BY SAM WHITE
Younger voters want change, and there’s nothing wrong with that. Pushing on and looking to the future is how we get men on the moon, and carry smartphones that can change our photos so we look like cats. And what’s wrong with shaking things up and pissing off stick-in-the-muds anyway? It’s one of the pleasures of Brexit.
But in Britain, Corbynism has latched on to and taken advantage of that longing for change, like a scruffy leech. It’s performed a con trick on those who want something to get excited about, and if the Conservative Party is to capture any young voters at all, it needs to counter the deceit being sold by Jeremy Corbyn’s Labour.
The reality is that to adopt the socialism offered by Corbyn would be a change. That much is true. But it would be a substitution of political mechanism from one which embraces flexibility, to one which demands control. It’s a radical alteration in course, but it would take us straight down a dead end street.
Corbynism has been painted as rebellious and anti-establishment, but underneath the endorsement from Stormzy and the party leader’s appearance at Glastonbury (not that Glastonbury is pushing any boundaries) it’s nothing of the sort. If the current Labour leadership’s schemes were ushered in, they’d lead to constraint and conformity. And the new establishment would be authoritarian to a degree that its youthful supporters had not felt before.
There wouldn’t be much of a celebratory mood in the air then, as it slowly became clear that all that rebelliousness was nothing more than a carefully-managed means to an end.
Conservatives should be highlighting all this, and at the same time pushing the message that a free market model provides the best possible mechanism by which for changes to occur organically. Crucially, that model is how we safeguard the capacity to change, but it isn’t a change in itself.
If the Conservative Party were to realign around its libertarian element, then it might achieve resonance among younger voters, particularly those who come after the Millennial Red Army. Generation Z are shaping up to be open to a conservative message, and will surely react against the postmodern nonsense bought into by Millennials. Conservatives must be ready to meet them.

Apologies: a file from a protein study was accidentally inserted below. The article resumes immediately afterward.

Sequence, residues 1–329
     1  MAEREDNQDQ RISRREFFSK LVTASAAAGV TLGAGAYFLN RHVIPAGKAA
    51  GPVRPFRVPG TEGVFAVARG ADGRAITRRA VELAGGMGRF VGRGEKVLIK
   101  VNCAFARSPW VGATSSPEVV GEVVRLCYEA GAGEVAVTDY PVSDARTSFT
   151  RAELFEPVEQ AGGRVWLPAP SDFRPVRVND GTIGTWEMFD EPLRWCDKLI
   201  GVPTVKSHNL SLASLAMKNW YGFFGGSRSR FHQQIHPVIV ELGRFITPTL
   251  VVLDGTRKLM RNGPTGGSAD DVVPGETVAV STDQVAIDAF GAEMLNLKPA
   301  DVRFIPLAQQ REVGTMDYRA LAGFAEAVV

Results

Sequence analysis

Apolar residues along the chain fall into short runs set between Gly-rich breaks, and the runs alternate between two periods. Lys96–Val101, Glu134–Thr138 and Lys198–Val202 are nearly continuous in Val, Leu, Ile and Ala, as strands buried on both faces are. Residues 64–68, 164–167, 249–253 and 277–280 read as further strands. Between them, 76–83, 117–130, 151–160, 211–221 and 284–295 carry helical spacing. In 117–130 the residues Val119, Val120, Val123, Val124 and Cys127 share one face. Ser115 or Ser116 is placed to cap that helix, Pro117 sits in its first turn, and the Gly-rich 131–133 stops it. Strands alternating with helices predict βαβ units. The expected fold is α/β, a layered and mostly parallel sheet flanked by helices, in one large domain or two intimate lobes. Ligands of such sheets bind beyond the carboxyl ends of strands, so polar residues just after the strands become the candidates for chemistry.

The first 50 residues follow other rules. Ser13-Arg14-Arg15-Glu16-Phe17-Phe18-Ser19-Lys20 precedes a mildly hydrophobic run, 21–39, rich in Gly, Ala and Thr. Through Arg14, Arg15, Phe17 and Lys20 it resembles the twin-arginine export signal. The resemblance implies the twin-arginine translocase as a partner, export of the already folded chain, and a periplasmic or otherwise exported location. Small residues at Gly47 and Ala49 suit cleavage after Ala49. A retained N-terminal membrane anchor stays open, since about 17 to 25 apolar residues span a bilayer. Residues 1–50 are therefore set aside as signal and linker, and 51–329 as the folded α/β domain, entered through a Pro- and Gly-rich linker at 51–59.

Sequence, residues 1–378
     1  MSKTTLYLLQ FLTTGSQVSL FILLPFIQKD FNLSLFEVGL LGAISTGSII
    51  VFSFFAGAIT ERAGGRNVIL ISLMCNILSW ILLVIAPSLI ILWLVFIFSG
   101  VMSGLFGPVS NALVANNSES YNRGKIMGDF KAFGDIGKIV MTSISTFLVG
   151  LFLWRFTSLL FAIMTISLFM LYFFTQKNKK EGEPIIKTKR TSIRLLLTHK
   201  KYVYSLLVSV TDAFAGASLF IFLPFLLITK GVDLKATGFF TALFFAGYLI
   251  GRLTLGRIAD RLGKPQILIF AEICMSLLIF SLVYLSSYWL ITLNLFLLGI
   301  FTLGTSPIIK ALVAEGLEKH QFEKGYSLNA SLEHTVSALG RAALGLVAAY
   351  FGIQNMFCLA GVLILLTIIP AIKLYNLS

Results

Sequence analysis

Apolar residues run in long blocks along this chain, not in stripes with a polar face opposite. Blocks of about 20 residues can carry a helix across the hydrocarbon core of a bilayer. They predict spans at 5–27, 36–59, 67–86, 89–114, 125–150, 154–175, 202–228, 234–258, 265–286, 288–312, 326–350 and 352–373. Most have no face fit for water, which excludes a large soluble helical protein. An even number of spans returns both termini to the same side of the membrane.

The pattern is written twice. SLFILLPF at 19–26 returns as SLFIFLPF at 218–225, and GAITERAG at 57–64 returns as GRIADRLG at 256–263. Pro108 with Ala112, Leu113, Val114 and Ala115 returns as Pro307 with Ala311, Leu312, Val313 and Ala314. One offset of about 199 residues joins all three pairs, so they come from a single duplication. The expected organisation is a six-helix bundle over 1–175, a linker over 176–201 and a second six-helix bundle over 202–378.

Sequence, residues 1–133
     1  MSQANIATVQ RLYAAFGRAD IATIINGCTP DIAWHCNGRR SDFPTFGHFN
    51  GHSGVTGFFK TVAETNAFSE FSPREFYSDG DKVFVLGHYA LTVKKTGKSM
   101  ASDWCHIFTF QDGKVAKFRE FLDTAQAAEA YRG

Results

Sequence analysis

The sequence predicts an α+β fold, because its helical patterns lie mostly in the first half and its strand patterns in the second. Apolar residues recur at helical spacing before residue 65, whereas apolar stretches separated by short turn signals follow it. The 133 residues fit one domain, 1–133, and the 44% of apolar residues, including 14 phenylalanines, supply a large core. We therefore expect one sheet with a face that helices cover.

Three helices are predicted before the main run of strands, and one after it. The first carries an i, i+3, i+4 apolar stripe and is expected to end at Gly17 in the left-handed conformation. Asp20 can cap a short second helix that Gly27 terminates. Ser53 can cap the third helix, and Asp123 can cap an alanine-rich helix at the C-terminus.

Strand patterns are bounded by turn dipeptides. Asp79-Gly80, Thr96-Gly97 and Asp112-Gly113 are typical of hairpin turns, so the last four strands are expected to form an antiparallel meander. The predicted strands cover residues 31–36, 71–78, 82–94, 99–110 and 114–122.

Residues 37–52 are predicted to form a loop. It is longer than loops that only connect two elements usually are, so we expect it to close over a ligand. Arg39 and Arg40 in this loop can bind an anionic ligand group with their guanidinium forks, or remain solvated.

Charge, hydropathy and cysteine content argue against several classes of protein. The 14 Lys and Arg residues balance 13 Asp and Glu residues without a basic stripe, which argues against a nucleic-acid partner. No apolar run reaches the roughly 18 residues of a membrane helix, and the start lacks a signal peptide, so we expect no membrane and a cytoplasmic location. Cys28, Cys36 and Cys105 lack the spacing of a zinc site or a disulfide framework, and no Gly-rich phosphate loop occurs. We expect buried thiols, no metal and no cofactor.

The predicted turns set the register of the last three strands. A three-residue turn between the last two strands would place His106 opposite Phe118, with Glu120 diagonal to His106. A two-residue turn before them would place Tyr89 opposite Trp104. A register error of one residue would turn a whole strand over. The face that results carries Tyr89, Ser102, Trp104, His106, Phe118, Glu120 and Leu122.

And the message should be simple: that the right-wing will safeguard classical liberal values and ditch victimhood-fetishizing identity politics. And it ought also to be made clear that socialism represents the polar opposite of all this: it’s a half-fossilized ideology that would usher in micro-management, politically correct hectoring, and state imposition.
Conservatives needn’t pay regard to the social justice diktats which have taken over left-liberal discourse and muffled people’s rational capabilities. Simply by speaking directly and honestly, the politically correct narrative can be disrupted. And if that ruffles some left-wing feathers then all the better, let’s refuse to apologise and then offend them some more. The ‘facts don’t care about your feelings’ trope may be a little cliched in the arena of online culture wars, but it’s as true as it ever was, and it hasn’t been unleashed on the mainstream recently, so let the Tories be the ones to utilize it. I say recently, because in fact, the essence of that message is nothing new.
“The facts of life are conservative.”
So said Margaret Thatcher, and the Tories should cleave to her truism. There’s no need to take on board anything offered up by the postmodern left, because they’re no longer in touch with reality. Our only duty is to the facts of life.
Capitalists have history and statistics on their side. Graphs and charts like these need to be pushed out and brought to people’s attention.
The Conservative Party ought to be rejecting SJW new-leftism unequivocally. Why not just state it clearly? If you value the sovereignty of the individual, if you want the freedom to say what you like, create what you want, and make of yourself what you will, then steer well clear of collectivist movements.
A serious party would throw out badly defined hate crime regulations, reject the CPS’s garbage about policing what people say online, and get a grip on the police force so they stop tweeting photos of their trans-friendly, rainbow coloured cars.
There’s a gap in the market right now as common sense, libertarian ideals go under-represented, and there’s a Conservative Party that needs revitalising.
To win favour, and connect once more with voters, the Tories must get back to the facts of life.